Want to visit Moscow Kremlin, St. Basil’s Cathedral, the Armory and the Diamond Fund? Check our Moscow Kremlin private tour! The Kremlin is the heart of Russia and of course Moscow. It is one of the most important things that you should visit during your stay in Moscow. The Kremlin is the place from where Moscow started. It’s history is so interesting that you can spend almost all the day visiting the Kremlin and the Red Square.
The most important thing about this tour that you can see not only the walls and towers of this great structure but also you can go inside of the most important fortress for all the Russians.
Description: The Kremlin Private Tour
During this tour you can see: all the 20 towers of the Kremlin, visit The Cathedral of the Dormition, The Cathedral of the Annunciation, The Cathedral of the Archangel, the Church of the Deposition of the Robe, The Church of the Twelve Apostles and Patriarchy Palace, Ivan the Great Bell Tower, the Cathedral Square, the Grand Kremlin Palace, the Armoury, The Diamond Fund, the Grand Kremlin Palace, the Tsar Cannon, the Tsar Bell, the Secret Gardens, The Red Square, GUM and of course Saint Basil’s Cathedral.
If you want to visit the Armory and the Diamond Fund it is better to let us know beforehand so we could book tickets for this places. The Armory museum on the territory of the Kremlin features the outstanding collection of Russian State Regalia, Tsars’ dresses, carriages, tableware, jewelry items, including famous Faberge Easter Eggs, main orders of the Russian State, weapons and defensive armor and many other interesting items produced at the Kremlin workshops and used at the court.
History of The Moscow Kremlin
The Moscow Kremlin is a unique monument of history and culture with its splendid creations of architecture and art.
The Kremlin has always been the focal point of the growth of the Russian state, the stage of many dramatic and glorious events. This architectural ensemble of rare beauty and character grew up gradually over the centuries. It is rightly called a “chronicle in stone”.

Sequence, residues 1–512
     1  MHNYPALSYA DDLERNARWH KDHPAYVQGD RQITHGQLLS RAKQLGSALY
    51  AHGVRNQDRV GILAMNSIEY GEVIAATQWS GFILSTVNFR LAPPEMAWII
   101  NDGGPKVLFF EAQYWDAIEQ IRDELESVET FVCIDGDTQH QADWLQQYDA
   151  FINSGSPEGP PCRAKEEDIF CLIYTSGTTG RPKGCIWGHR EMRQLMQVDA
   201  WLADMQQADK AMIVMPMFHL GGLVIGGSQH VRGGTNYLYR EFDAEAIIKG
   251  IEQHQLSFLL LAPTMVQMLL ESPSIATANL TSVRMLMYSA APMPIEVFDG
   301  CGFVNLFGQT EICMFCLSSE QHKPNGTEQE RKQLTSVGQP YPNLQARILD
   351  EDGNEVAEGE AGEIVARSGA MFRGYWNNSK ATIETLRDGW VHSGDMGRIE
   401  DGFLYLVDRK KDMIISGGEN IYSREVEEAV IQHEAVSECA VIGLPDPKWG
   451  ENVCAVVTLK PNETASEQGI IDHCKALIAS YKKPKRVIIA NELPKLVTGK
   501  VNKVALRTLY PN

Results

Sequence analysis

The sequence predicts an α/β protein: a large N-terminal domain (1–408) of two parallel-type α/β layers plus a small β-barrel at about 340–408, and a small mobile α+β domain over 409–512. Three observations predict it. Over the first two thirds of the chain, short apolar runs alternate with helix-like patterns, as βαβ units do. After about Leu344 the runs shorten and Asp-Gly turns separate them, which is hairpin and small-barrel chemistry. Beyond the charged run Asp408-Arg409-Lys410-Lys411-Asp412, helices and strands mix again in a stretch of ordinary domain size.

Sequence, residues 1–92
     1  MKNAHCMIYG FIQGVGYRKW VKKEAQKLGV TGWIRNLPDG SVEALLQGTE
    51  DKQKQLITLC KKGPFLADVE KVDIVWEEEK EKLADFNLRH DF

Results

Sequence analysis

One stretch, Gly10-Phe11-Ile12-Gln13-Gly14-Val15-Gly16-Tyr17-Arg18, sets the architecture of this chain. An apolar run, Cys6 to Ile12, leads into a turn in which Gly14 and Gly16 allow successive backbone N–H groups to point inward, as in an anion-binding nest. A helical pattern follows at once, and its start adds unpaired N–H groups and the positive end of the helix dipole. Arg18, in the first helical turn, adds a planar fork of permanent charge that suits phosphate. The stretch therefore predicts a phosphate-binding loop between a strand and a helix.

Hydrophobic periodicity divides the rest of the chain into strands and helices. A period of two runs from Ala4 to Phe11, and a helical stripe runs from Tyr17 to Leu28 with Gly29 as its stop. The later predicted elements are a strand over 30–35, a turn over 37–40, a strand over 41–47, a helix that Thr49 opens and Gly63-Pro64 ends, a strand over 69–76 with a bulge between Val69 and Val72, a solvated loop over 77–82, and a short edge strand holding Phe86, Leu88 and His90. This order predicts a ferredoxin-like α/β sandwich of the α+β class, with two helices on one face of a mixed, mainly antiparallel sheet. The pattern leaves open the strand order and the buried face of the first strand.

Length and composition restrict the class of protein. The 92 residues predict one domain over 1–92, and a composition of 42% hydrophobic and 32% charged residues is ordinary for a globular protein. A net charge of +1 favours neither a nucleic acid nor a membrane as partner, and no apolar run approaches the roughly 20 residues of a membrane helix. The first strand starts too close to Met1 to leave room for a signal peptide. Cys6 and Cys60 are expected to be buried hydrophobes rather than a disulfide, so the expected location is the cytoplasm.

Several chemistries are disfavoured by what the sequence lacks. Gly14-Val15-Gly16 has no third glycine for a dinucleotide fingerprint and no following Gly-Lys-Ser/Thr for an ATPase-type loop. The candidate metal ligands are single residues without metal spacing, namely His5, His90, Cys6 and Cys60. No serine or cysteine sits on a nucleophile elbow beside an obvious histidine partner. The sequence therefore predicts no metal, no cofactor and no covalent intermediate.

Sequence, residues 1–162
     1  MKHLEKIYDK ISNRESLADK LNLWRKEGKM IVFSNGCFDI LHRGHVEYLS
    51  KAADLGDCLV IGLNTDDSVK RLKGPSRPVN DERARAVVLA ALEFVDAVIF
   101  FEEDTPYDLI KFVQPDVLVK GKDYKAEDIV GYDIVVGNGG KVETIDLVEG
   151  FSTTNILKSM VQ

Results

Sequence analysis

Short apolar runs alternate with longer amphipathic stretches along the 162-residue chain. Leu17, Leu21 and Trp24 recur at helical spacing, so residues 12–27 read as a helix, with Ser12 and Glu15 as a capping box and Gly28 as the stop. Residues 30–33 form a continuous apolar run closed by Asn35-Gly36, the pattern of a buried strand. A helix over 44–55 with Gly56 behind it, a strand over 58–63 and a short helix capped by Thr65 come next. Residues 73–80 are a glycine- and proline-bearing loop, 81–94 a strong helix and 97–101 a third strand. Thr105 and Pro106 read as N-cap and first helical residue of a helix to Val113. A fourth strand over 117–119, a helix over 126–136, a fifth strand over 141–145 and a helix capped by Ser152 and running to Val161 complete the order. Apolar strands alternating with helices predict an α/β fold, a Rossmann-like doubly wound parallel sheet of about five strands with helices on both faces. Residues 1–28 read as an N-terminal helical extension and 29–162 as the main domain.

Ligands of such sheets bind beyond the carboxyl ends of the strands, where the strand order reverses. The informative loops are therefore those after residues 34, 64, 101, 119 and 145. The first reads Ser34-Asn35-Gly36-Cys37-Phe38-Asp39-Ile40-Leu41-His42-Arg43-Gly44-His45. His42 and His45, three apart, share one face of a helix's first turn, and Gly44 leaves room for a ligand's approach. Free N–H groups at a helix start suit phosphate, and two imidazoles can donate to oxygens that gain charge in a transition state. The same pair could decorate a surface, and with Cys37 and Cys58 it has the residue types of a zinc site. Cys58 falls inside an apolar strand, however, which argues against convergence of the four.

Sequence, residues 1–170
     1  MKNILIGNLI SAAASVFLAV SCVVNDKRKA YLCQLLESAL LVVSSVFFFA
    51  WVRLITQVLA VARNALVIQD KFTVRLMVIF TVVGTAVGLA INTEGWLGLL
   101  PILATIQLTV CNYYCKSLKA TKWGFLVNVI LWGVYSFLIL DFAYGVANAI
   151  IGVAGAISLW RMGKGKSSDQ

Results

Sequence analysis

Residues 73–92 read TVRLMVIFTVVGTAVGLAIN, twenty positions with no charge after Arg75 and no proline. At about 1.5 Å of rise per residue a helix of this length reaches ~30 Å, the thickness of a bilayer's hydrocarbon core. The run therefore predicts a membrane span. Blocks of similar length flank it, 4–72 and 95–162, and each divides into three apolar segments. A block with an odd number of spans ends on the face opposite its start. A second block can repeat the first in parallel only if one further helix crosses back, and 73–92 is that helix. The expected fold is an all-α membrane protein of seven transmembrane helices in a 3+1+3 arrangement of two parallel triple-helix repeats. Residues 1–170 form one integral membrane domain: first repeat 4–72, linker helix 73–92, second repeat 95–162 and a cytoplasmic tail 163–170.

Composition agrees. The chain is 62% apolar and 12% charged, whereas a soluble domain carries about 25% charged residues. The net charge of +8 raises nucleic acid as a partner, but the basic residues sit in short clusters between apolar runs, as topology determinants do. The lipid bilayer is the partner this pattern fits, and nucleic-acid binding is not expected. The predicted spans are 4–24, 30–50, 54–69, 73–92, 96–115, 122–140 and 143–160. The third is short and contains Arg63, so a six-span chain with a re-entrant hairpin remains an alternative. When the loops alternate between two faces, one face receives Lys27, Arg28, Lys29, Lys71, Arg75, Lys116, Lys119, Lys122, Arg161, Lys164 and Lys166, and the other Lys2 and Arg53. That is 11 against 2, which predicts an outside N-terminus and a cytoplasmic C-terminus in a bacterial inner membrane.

The first entries in this chronicle were made in 1147 by Prince Yuri Dologoruky (the Long-Armed) who ruled Moscow which then covered only a part of the territory of the present Kremlin. Burnt down by the Mongol-Tatars in 1238, Moscow recovered and continued to grow. The oak walls of the Kremlin erected by Prince Ivan Kalita (the Moneybag) around 1340 defended what was now the capital city of a principality which included many of the Russian lands. The first Assumption Cathedral erected in the Kremlin, a very small one, was built at the same time. The cathedral later became the main church of Russian Orthodoxy.
The white-stone walls of the Kremlin erected in 1366-1367 issued a challenge to the powerful Mongol-Tatar overlords. An army assembled from the various Russian lands and led by Prince Dmitri Donskoy of Moscow marched out from the Kremlin against the Mongol-Tatars, and his victory in the Battle of Kulikovo of 1380 laid the foundations for the liberation of Russia from foreign dominion. The walls erected under Ivan III at the end of the fifteenth century were a symbol of the final collapse of this foreign overlord ship.